Douglas S. Malan con Southern Bulldog, Northern Bulldog: The Georgia-Yale Series of 1923-34 (English Edition)
What has Athens to do with New Haven? Separated by nearly 900 miles, the casual observer finds no obvious connection, aside from their identities as venerable cities in two of America’s 13 original colonies.
History, however, tells a different story. In America’s infancy, Yale-educated men migrated south to establish new lives in Georgia and contribute to the political scene and educational system. As a result, the University of Georgia emerged as the first land-grant university in America, and its founders looked to Yale for inspiration in the college’s architecture and curriculum. After more than a century, the spiritual and philosophical connections between the schools were celebrated in a different manner–through a friendly gridiron rivalry. Yale, the Northern blueblood, and Georgia, the Southern institution on the rise, met 11 times between 1923 and 1934.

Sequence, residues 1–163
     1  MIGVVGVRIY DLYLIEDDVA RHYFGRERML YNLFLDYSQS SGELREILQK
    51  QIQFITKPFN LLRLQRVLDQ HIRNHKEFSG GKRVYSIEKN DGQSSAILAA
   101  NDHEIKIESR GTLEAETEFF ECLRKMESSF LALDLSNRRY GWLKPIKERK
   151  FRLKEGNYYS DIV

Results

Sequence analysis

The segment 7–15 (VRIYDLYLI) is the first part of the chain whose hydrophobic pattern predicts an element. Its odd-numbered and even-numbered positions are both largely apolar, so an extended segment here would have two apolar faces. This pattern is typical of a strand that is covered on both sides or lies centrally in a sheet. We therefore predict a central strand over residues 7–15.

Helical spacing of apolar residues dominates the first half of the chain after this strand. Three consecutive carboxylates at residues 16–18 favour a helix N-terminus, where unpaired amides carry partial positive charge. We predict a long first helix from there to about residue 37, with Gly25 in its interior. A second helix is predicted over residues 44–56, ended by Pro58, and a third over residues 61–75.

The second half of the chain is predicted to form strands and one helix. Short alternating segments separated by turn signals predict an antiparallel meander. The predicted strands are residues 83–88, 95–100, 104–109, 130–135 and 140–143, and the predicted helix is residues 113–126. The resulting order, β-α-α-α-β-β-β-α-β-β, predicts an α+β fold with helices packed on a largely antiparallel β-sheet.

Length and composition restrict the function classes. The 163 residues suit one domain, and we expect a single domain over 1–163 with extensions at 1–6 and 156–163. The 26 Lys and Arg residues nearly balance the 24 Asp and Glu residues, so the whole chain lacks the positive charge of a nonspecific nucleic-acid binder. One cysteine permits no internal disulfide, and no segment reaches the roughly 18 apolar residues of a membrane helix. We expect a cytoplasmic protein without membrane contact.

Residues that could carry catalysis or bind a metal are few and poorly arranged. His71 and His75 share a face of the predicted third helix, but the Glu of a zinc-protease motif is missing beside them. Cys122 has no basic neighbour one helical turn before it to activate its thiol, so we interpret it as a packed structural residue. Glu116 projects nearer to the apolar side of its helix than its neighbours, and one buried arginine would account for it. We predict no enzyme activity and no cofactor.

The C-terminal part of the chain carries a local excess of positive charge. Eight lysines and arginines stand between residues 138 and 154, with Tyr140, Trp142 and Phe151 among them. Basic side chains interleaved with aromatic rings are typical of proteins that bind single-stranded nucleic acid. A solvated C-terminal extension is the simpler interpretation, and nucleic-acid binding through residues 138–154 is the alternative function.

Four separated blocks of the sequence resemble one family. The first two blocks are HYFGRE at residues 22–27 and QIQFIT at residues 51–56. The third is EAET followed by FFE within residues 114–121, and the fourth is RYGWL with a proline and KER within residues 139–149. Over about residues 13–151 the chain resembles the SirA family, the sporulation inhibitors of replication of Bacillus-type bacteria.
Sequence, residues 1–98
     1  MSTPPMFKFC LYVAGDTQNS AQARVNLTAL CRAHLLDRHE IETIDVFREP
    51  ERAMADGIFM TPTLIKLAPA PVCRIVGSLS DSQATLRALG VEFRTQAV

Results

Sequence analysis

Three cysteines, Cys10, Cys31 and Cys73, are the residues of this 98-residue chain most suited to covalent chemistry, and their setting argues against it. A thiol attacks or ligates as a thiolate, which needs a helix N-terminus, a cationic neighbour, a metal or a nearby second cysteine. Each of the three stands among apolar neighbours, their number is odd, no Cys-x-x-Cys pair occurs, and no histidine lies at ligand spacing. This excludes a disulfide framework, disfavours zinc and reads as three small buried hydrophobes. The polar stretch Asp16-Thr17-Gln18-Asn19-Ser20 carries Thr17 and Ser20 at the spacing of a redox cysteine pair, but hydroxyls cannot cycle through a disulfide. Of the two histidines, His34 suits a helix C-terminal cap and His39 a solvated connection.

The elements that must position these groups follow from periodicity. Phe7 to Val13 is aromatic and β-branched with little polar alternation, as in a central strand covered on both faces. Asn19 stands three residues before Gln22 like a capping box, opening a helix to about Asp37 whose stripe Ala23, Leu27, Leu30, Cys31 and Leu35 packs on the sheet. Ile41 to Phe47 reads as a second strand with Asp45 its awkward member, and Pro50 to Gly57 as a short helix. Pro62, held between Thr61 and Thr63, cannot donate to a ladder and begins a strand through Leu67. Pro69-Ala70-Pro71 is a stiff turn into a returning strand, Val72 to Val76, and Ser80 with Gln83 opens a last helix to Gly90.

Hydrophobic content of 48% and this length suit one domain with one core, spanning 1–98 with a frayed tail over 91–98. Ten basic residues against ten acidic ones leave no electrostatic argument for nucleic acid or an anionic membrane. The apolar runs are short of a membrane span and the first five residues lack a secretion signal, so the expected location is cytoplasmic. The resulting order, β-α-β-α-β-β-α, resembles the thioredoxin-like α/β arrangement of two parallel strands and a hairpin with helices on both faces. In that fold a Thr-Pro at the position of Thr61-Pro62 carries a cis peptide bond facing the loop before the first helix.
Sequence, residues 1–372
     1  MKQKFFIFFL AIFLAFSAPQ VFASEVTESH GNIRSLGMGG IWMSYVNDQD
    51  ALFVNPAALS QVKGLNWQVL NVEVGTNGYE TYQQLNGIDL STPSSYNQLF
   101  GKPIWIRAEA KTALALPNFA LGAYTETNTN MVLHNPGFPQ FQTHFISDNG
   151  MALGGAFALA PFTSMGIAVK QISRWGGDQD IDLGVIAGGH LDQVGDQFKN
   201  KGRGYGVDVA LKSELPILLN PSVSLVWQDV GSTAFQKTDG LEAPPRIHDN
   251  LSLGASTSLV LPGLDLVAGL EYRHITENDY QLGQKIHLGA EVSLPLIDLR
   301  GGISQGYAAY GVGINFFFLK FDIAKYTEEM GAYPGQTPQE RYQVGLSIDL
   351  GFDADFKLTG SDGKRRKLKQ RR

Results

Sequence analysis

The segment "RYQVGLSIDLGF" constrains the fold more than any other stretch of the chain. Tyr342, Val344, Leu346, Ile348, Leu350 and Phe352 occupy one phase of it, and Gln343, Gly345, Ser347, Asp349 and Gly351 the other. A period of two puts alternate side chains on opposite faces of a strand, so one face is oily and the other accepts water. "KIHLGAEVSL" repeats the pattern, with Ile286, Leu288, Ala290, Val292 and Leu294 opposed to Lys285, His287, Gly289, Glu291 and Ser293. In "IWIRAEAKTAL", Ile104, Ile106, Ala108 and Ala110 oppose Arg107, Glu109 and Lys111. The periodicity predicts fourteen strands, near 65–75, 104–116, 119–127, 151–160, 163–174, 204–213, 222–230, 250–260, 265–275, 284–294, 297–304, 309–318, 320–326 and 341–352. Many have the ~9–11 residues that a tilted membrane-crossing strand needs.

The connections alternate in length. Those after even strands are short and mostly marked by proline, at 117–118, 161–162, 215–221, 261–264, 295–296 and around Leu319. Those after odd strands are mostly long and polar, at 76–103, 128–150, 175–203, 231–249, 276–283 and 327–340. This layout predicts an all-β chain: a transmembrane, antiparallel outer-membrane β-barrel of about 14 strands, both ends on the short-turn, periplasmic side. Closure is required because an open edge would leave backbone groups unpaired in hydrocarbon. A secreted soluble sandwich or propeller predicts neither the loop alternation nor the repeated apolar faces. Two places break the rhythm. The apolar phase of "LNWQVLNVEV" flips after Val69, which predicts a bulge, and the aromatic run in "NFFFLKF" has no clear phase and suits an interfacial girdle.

This book chronicles those meaningful battles and marks the gradual shift in the college football power structure. Here is a closer look at an old rivalry whose existence surprises us when we consider how far apart the programs have grown.